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of Hofts is with us, the God of Jacob is our refuge."

"Fear not, you carry Jefus." Thou desponding one, fear not. Does not Chrift dwell in thy heart by faith? Is not "Christ in you," the life of faith-the life of love-" the hope of glory?" Is he not working in you both to will and to do? Then be strong in the Lord and in the power of his might. Fear not, He is thy fhield, and thy exceeding great reward.

Of Cyrus it is faid, that he knew his foldiers every one by name. But by the Captain of your falvation, the very hairs of your head are all numbered. Unbelief dims the eye fo that it cannot fee Jesus. Faith opens it, and the glorious presence of the Saviour is revealed. Where the king is, there alfo is the court; and where the Saviour is, there also is his court. His attendants are all there. Power-majefty-riches and glory, encircle his throne. Stormy winds, lightning and thunder, are ministers of his that do his pleasure.

God is with his people. He is their covenant God. Hence all his attributes are employed for their good. He cares for them. "As a father

pitieth his children, fo he pities them that fear him. He has purchased them by his own blood." They are his peculiar treafure;" "the lot of his inheritance." Therefore no weapon that is formed against them can profper. To banish diftruft for ever from their hearts, he pledges himself never to leave them, never to forfake them.

When thou paffeft through the waters I will be with thee, And through the rivers they shall not overflow thee; When thou walkeft through the fire thou shalt not be burned,

Neither fhall the flame kindle upon thee,

For I am the Lord thy God, the Holy One of Ifrael,
THY SAVIOUR.

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"I will truft in thee."-Ps. lvi. 3. "According to your Faith be it unto you."-MATT. ix. 29.

VENTURING BY FAITH.

Behold the flames in all their fury roll,
Raging and spreading, fpurning all control;
Upward they fhoot in many a gleaming fpire,
And then rush downward in a flood of fire.

With fiercer heat the burning columns glow,
And foon the building totters to and fro.
But whence that fcream that rings upon our ears?
In the high casement, fee, a child appears!
With outstretched arms imploring for relief—
The crackling timbers only mock his grief.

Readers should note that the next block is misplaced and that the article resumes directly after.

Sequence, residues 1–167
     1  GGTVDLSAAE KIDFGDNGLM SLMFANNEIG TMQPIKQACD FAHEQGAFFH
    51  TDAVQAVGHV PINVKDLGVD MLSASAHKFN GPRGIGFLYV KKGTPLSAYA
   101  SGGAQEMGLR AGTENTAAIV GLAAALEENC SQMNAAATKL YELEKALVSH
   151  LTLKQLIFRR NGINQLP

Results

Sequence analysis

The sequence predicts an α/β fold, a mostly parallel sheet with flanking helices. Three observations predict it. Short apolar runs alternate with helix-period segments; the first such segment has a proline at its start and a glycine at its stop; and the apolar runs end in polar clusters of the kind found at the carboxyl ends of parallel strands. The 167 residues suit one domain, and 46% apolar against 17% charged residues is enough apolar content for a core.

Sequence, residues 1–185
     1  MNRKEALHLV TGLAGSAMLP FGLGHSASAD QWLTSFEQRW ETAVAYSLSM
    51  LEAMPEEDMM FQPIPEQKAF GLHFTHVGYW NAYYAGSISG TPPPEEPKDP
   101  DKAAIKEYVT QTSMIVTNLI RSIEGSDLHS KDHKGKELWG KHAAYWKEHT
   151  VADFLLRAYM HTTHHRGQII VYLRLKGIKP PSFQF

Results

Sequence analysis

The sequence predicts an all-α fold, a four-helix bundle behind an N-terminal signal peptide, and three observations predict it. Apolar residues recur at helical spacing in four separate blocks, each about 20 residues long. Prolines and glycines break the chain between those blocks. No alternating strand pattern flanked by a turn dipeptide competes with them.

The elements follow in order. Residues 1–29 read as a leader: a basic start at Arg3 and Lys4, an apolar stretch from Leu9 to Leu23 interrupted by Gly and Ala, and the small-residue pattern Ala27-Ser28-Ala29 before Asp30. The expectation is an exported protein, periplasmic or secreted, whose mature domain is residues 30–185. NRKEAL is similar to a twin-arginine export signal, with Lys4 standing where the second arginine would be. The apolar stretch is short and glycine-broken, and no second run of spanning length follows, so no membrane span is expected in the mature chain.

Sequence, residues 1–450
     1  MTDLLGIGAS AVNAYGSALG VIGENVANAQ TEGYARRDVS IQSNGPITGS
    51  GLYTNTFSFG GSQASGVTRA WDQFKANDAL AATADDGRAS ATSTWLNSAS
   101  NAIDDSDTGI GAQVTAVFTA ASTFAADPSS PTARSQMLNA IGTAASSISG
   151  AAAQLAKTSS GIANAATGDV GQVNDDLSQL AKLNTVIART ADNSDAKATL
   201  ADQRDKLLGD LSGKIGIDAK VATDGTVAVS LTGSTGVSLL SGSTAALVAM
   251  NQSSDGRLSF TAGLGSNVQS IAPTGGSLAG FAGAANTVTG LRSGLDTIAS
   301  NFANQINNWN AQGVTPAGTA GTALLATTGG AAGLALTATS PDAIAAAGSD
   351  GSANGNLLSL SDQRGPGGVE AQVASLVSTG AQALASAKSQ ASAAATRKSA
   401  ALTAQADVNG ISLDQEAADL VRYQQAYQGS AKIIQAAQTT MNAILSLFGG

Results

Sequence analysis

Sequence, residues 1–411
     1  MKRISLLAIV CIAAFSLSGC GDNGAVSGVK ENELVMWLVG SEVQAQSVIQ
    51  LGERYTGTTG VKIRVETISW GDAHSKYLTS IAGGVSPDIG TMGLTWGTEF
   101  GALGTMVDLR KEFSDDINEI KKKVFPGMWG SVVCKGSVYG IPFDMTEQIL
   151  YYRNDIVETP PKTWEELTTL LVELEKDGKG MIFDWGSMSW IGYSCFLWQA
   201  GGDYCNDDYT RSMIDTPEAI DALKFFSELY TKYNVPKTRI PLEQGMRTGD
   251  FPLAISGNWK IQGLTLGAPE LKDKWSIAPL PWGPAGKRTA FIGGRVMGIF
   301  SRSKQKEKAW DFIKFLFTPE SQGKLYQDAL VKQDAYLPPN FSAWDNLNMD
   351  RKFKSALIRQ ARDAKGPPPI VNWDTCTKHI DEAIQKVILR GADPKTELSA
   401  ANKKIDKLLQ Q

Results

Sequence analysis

"O Father, fave!" in piteous tones he cries,
At length his father hears him and replies,
"Fly to my arms, my fon, without delay-
Fly ere the flames devour their helpless prey."
Death haftes behind, Hope beckons from before ;
He ventures freely and his danger's o'er.

"THE foul of an awakened finner," fays Dr. Coke, "before he ventures on Christ for falvation, may be compared to a person who is in some of the upper ftories of his house when he learns that it has taken fire, and that all its nether parts are fo far involved in flame as to cut off his retreat.” The engraving fhows a young perfon who has been roused from his midnight flumbers by the raging flames which burst into the place where he was repofing, or perhaps he was awakened by the voice of fome friend, who raised a warning cry from without. The child, thoroughly awakened, fees that if he stays where he is, he will perish in the flames; he hears the voice of his fatherhe flies to the window-he fees the outstretched arms—he is invited to leap or caft himself from the burning houfe; the attempt feems perilous indeed, but having faith in the word of his father, he takes the perilous leap-he ventures all-he falls into the hands of his father unharmed; he is faved from death.

This is a good illustration of the act of justifying Faith. The child in the burning house perhaps made feveral efforts to escape from the approaching ruin; he attempts to gain the door, but finding the flames increase upon him, he is obliged to give up his hope of escaping this way, and to afcend the ftairs before the purfuing fire. His friends without, who know his condition and danger (particularly his father), entreat him to caft himself from the upper window, as the only means by which his life can be preserved.

The child hears the earnest entreaties of his friends-hefitates, attempts, retires, approaches the window, calculates upon the fearful height, and dreads to make the effort. His understanding is convinced that the fire will foon overtake and deftroy him, yet while the danger appears somewhat remote, he ftrangely lingers; poffibly thinking there may be fome other way to escape, befides cafting himself from the window.

His friends again encourage him to venture from the window, affuring him that they have provided for his fafety by spreading on the ground the fofteft materials, to break the violence of his fall; full of hefitation, he afks for fenfible evidence; they defire him to look-he makes an effort, but the darkness of the night, and the injury his fight has fuftained, only permit him to view the object of his wifhes obfcurely and indiftinctly. Belief and doubt contend for the empire of his mind, and by keeping it in an equipoise, prevent it from making any decifive choice.

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